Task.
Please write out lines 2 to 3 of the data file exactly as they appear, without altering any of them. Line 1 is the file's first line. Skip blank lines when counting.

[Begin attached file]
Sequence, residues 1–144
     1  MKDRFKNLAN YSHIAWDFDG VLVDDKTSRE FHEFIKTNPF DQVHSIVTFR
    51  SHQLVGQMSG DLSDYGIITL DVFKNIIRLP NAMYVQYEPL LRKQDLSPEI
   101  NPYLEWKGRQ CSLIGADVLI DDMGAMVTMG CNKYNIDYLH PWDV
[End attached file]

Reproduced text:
     1  MKDRFKNLAN YSHIAWDFDG VLVDDKTSRE FHEFIKTNPF DQVHSIVTFR
    51  SHQLVGQMSG DLSDYGIITL DVFKNIIRLP NAMYVQYEPL LRKQDLSPEI